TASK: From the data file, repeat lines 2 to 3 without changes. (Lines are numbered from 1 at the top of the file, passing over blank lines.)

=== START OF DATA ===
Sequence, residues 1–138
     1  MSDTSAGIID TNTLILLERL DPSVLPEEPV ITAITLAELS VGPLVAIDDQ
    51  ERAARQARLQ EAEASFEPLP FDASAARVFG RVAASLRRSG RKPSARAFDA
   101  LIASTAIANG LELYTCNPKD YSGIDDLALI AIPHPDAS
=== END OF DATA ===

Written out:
     1  MSDTSAGIID TNTLILLERL DPSVLPEEPV ITAITLAELS VGPLVAIDDQ
    51  ERAARQARLQ EAEASFEPLP FDASAARVFG RVAASLRRSG RKPSARAFDA